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Fraser texts teammates, recovering after surgery

by Mike Brophy

TORONTO -- A slap shot to the head followed by surgery wasn't enough to keep Toronto Maple Leafs defenseman Mark Fraser from texting his teammates.

The hard-nosed blueliner was drilled in the head by a shot from Boston Bruins forward Milan Lucic at 7:49 of the third period of Game 4 of Toronto's opening round Stanley Cup Playoff series and immediately departed for the dressing room then the hospital, leaving a pool of blood behind on the ice.

"Mark Fraser is resting at home and he had surgery last night to repair a fracture between the eyes and cranial area," coach Randy Carlyle said Thursday morning at the team's practice facility. "I don't know if you'd call it a fractured skull; I think that's a little too severe. He was texting and in conversation with his teammates this morning before 8 a.m. He's now back on the road to recovery."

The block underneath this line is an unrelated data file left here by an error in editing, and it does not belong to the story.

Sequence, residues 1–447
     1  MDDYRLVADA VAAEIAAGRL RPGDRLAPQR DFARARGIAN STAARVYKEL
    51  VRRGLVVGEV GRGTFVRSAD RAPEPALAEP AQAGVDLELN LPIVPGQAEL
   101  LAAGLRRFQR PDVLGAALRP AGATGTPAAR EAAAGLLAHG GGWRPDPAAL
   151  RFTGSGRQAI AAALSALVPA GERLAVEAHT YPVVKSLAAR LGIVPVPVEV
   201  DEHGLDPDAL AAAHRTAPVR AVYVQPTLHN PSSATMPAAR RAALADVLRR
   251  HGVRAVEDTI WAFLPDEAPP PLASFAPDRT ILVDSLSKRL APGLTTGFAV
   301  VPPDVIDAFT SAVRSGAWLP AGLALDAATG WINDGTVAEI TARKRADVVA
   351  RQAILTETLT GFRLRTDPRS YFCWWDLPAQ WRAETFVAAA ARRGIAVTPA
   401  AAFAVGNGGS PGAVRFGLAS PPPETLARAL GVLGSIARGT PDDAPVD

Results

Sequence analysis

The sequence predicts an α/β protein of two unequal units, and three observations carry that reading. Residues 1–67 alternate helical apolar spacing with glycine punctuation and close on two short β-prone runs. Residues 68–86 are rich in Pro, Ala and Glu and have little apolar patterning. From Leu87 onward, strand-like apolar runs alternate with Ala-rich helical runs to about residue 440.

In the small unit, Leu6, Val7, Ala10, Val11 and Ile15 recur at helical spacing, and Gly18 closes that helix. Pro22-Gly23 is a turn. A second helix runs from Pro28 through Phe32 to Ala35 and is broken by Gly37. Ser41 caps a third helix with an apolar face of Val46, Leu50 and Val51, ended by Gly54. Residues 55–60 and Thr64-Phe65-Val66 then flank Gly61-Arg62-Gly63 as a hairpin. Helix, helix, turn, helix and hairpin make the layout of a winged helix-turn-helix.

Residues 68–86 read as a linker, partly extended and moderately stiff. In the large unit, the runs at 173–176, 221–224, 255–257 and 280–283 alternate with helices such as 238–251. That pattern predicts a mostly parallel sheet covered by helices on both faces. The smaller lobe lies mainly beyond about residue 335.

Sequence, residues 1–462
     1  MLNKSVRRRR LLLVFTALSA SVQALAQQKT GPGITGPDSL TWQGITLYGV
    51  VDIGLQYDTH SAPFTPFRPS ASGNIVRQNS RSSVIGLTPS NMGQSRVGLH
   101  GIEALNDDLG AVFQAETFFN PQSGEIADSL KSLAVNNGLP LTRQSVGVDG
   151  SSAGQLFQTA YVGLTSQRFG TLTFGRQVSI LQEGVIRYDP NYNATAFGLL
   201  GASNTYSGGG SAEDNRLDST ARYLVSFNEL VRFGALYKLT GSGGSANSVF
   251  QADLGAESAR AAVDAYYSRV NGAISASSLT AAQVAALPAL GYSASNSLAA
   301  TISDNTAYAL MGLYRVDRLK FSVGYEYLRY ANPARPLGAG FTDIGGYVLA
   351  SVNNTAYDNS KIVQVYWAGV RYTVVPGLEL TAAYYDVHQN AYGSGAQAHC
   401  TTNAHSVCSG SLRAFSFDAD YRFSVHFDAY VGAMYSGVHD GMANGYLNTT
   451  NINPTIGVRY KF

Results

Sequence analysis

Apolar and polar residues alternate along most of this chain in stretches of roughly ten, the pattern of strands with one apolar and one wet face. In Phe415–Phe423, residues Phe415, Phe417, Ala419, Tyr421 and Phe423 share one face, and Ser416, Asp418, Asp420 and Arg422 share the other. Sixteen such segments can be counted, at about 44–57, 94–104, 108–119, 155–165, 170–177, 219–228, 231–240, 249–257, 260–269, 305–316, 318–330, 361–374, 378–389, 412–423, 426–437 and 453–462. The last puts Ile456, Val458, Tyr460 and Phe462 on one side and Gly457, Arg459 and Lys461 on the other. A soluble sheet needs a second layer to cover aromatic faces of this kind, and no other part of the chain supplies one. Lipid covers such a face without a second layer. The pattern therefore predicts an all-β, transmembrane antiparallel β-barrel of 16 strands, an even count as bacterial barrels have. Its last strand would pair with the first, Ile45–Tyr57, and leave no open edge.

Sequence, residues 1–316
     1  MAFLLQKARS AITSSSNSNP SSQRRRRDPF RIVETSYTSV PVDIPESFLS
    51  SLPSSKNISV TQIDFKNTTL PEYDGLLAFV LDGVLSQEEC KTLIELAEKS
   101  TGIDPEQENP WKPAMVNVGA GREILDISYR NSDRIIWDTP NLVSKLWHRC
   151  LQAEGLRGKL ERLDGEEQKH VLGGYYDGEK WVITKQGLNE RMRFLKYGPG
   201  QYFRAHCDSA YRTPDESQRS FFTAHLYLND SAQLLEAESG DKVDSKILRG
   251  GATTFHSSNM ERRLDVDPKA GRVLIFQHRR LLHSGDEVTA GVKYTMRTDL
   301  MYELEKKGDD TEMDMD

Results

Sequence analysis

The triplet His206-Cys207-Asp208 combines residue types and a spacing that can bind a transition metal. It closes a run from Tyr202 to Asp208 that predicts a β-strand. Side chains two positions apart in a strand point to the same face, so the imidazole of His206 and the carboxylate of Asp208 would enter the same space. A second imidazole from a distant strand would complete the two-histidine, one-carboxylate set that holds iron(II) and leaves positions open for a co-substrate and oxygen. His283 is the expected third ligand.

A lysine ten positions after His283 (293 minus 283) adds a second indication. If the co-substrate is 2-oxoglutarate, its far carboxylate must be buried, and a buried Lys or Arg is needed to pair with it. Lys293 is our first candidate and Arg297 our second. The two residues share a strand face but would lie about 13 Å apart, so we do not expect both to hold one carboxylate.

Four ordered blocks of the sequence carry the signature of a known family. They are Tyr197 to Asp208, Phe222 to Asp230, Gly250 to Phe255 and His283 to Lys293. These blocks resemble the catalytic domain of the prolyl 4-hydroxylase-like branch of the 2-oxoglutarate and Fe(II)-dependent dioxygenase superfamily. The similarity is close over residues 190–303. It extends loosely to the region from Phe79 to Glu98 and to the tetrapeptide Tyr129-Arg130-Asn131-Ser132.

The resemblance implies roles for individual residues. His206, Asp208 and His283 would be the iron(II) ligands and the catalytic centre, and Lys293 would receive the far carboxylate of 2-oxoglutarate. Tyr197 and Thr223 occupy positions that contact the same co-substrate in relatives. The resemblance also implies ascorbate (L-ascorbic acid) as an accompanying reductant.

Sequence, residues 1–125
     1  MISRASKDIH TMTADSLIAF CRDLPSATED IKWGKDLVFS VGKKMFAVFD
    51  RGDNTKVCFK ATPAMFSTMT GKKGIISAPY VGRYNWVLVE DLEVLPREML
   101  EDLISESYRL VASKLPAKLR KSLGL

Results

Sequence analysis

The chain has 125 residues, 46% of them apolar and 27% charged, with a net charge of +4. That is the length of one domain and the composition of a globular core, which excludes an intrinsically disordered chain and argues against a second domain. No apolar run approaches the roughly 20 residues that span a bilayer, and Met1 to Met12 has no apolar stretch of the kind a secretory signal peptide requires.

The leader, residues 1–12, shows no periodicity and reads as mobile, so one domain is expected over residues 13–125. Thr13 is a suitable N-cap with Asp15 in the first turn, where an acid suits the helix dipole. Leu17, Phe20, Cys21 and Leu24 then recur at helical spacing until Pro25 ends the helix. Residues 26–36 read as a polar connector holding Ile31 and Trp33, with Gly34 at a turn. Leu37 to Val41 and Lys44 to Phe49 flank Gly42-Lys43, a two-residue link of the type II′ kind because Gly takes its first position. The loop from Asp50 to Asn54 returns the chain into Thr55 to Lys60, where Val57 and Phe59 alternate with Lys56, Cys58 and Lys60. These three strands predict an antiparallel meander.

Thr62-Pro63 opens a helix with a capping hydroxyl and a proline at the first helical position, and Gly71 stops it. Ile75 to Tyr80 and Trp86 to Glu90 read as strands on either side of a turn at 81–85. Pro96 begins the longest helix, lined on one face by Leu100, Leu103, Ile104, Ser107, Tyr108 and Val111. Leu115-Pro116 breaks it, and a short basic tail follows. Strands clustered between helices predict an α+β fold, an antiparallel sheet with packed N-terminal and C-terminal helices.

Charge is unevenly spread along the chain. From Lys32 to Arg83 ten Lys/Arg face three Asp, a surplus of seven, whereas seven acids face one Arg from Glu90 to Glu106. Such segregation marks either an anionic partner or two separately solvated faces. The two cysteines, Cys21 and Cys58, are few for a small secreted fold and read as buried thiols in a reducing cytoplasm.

Carlyle said the 6-foot-4, 220-pound defender will be missed.

"He's a physical guy that is not known for his offensive abilities, but he's out there to make people pay the price and for his defensive ability," Carlyle said. "Any time you lose a player like that, somebody else has to step up. As a team, if we can capture the energy and execution level and stay with the program, there will be some benefits for us in this next game."

The Maple Leafs will insert veteran defenseman John-Michael Liles into the lineup for Game 5 Friday in Boston. The Bruins hold a 3-1 lead in the best-of-7 series after winning Game 4, 4-3, in overtime.

Liles has been a healthy scratch in three of the first four games. Defenseman Jesse Blacker, who was injured and did not play in the opening round of the Calder Cup playoffs with the Toronto Marlies of the American Hockey League, was called up.

Liles was asked if he has used his time in the press box to analyze the series and how he might impact it.

"I don't watch from the press box," he deadpanned. "I don't like heights."

Liles then said he in fact does watch the games and added, "It always looks different when you're not playing. The game looks slower, and when you go back and watch video you think, 'I could have made this play or that play.' You get out there and it's a completely different game."

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